# Photometry of WZ Sge at RIT Observatory: August 22, 2001 UT

On the night of August 22, 2001 UT, Michael Richmond and Stacey Davis used the RIT Observatory's 10-inch Meade LX200 telescope to monitor WZ Sge. All exposures were taken without the focal reducer, through a V-band filter, onto an SBIG ST-8 CCD camera. Each exposure was 15 seconds long. This was probably a mistake: the telescope's drive has a periodic error which can cause a slight trailing, and the effect is much stronger in 15-second exposures than 10-second exposures. Due to the design of the SBIG software, the time of each exposure is accurate only to +/- 1 second. The field of view was about 17 by 12 arcminutes; a typical example is shown below:

We subtracted dark current from the images and divided by a median twilight sky flatfield. We ran software to detect all stars more than 4 sigma above the sky, then measured the light from each star within a circular aperture of radius 6.6 arcseconds.

The night was good and bad: clear after sunset for a few hours, then covered by fluffy clouds, and again clear for the last few hours. The first clear period runs from JD *2143.53 to *2143.60, and the second from JD *2143.73 to *2143.87. The airmass was over 2.5 for the last observations, so their quality is poor.

We gathered about 900 images of the field, but discarded many due to the weather. We fed all raw instrumental magnitudes of 169 stars on 603 images into a program which implemented Honeycutt's inhomogeneous ensemble photometry technique. The solution gave most weight to the bright stars "A" and "B" (marked above). The standard deviation from the mean magnitudes in the solution are shown below, as a function of differential magnitude.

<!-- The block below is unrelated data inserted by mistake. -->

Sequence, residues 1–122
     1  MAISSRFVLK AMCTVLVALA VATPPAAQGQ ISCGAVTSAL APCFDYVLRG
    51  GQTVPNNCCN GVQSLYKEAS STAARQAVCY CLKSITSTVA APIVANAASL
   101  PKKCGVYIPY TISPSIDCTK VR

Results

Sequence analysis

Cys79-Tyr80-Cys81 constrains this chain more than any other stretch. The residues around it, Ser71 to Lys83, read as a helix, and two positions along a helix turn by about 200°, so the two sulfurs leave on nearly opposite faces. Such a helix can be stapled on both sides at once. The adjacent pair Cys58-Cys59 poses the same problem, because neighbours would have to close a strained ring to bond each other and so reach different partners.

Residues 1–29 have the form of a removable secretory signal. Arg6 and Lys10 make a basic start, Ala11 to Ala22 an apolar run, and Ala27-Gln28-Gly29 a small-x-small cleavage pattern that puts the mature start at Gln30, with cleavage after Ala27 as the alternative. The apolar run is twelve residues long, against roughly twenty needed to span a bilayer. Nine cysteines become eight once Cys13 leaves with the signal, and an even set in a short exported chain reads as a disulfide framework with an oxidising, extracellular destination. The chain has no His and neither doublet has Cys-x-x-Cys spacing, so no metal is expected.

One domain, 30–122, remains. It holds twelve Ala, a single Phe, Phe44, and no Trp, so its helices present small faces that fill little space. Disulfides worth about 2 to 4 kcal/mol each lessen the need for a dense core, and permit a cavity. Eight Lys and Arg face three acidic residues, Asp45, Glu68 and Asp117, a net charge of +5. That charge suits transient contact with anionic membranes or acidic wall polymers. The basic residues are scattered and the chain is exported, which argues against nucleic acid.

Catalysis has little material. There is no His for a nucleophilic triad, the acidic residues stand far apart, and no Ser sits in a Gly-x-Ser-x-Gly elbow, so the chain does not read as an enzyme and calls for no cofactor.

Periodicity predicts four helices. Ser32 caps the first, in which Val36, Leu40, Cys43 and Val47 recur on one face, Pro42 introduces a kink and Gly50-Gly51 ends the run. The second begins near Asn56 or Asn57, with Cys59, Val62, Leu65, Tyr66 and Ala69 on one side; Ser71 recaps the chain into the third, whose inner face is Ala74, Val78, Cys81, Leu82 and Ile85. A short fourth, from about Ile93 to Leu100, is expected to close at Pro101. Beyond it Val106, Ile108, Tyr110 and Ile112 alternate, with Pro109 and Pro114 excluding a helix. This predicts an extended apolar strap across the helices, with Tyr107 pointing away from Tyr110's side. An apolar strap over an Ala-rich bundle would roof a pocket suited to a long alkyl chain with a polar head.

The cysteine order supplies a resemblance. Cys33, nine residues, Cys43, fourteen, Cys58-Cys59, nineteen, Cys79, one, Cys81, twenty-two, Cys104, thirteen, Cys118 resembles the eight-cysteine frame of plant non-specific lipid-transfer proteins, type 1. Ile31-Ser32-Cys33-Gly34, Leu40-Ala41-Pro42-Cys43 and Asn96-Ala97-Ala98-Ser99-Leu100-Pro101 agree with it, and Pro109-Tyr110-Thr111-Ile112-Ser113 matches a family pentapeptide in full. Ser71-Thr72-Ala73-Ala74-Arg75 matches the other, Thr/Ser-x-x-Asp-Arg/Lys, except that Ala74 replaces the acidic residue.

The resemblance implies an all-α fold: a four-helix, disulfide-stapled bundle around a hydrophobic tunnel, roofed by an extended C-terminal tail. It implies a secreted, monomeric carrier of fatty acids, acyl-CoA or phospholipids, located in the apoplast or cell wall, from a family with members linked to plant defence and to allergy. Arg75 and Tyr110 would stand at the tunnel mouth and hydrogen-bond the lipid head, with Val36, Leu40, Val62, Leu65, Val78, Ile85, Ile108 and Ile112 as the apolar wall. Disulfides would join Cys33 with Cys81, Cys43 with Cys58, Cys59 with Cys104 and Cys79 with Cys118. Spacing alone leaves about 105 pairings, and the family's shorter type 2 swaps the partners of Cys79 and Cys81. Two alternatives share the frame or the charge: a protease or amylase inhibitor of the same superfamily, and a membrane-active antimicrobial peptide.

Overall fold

The solution placed the mean magnitude of stars "A" = GSC 1612.1830 = HD 191083 and "B" = HD 351517 as follows:

```       star   mean      stdev
A    0.0       0.005
B    0.967     0.012
```

We used star "B" as a check star to detect errors due to clouds or poor images (which clearly were present in the entire night's run). We discarded any image in which star "B" differed from its mean magnitude by more than +/- 3 times its standard deviation.

The final result is 593 measurements of WZ Sge, in two segments. Here is the light curve:

The file has some comments at the top, followed by data lines with 4 numbers per line, like this:

```        Jul_27.06510     2117.56510   2117.56977   0.046
```
The columns are:
1. UT day
2. Julian Date - 2,450,000
3. Heliocentric Julian Date - 2,450,000
4. differential V-band magnitude of WZ Sge (relative to star "A" = HD 191083)